Maldacena refuses to be discouraged by this and instead tries to find a way in which another field, present during inflation, plays the role of the detector in the Bell-experiment. This additional field could then preserve the information about the quantum-ness of space-time. He explicitly constructs such a model with an additional field that serves as detector, but calls it himself “baroque” and “contrived.” It is a toy-model to demonstrate there exist cases in which a Bell-test can be performed on the CMB, but not a plausible scenario for our universe.

I find the paper nevertheless interesting as it shows what it would take to use this method and also exhibits where the problem lies. I wish there were more papers like this, where theorists come forward with ideas that didn’t work, because these failures are still a valuable basis for further studies.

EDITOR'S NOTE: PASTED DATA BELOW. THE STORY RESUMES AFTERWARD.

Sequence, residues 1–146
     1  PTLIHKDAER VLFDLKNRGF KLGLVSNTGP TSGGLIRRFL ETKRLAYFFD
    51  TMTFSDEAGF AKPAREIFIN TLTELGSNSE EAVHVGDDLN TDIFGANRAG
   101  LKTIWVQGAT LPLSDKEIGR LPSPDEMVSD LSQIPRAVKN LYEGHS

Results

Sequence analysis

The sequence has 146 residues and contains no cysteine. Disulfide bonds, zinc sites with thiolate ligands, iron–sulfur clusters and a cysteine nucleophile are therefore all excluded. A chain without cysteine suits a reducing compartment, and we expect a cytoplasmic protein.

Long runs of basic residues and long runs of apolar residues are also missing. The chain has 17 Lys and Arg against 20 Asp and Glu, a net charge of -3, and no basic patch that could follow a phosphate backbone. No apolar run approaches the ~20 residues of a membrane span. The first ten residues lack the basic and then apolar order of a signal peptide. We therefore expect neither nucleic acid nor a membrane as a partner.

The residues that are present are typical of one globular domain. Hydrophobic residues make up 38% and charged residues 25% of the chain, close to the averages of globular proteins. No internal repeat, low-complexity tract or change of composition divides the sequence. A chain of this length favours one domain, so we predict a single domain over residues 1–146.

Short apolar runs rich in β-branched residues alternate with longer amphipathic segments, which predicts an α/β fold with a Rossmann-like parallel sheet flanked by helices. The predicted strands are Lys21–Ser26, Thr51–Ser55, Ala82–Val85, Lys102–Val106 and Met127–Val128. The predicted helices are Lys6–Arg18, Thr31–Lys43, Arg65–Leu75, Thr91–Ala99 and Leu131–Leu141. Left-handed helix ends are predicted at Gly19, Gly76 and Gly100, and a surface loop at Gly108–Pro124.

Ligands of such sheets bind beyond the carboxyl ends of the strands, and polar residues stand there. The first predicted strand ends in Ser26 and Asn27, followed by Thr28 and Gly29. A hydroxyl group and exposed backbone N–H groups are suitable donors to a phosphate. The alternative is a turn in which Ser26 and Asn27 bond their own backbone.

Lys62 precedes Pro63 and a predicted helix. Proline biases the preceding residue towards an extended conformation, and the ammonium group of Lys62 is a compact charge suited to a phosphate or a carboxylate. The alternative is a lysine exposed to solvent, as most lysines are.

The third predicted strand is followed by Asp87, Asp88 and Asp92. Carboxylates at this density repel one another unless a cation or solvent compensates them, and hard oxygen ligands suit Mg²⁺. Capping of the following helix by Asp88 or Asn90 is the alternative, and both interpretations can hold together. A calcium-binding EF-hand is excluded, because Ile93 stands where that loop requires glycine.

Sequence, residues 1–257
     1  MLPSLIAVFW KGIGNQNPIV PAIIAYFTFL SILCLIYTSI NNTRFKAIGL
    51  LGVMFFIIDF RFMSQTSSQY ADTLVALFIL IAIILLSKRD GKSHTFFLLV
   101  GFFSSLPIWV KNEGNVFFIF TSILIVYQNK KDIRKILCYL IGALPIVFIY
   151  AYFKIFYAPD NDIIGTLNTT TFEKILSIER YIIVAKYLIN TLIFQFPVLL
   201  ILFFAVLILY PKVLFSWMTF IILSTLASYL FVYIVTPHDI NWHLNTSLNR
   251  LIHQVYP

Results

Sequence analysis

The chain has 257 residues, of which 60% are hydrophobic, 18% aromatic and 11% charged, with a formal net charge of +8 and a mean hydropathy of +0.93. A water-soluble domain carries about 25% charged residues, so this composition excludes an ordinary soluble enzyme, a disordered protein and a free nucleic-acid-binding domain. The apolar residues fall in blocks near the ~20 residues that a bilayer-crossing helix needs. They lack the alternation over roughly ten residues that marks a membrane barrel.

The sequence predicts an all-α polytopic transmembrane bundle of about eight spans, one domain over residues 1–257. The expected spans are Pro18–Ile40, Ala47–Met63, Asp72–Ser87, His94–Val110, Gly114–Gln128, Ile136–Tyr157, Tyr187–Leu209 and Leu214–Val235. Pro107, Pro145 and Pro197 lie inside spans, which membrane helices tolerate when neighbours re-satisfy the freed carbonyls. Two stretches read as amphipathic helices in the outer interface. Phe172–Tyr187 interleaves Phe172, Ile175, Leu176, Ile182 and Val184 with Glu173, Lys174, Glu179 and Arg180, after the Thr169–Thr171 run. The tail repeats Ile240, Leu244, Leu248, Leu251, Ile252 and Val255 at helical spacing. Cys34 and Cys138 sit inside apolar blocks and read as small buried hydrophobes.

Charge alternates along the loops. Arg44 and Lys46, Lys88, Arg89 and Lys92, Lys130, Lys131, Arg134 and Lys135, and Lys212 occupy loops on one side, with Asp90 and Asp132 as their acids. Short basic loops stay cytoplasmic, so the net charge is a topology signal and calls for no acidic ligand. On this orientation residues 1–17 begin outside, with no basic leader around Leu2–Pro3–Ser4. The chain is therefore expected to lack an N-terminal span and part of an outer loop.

The second paper is “Quantum Discord of Cosmic Inflation: Can we Show that CMB Anisotropies are of Quantum-Mechanical Origin?” by Jerome Martin and Vincent Vennin. The authors of this paper don’t rely on the Bell-type test specifically, but instead try to measure the “quantum discord” of the CMB temperature fluctuations. The quantum discord, in a nutshell, measures the quantum-ness in the correlations of a system. The observables they look at are firstly the CMB two-point correlations and later also higher correlation functions.

The authors address the question in two steps. In the first step they ask whether the CMB observations can also be reproduced in the standard treatment if the state has little or no quantum correlations, ie if one has a ‘classical state’ (in terms of correlations) in a quantum theory. They find that for what already existing observables are concerned, the modifications due to the lack of quantum correlations are existent but unobservable.
    “[I]n practice, the difference between the quantum and the classical results is tiny and unobservable probably forever.”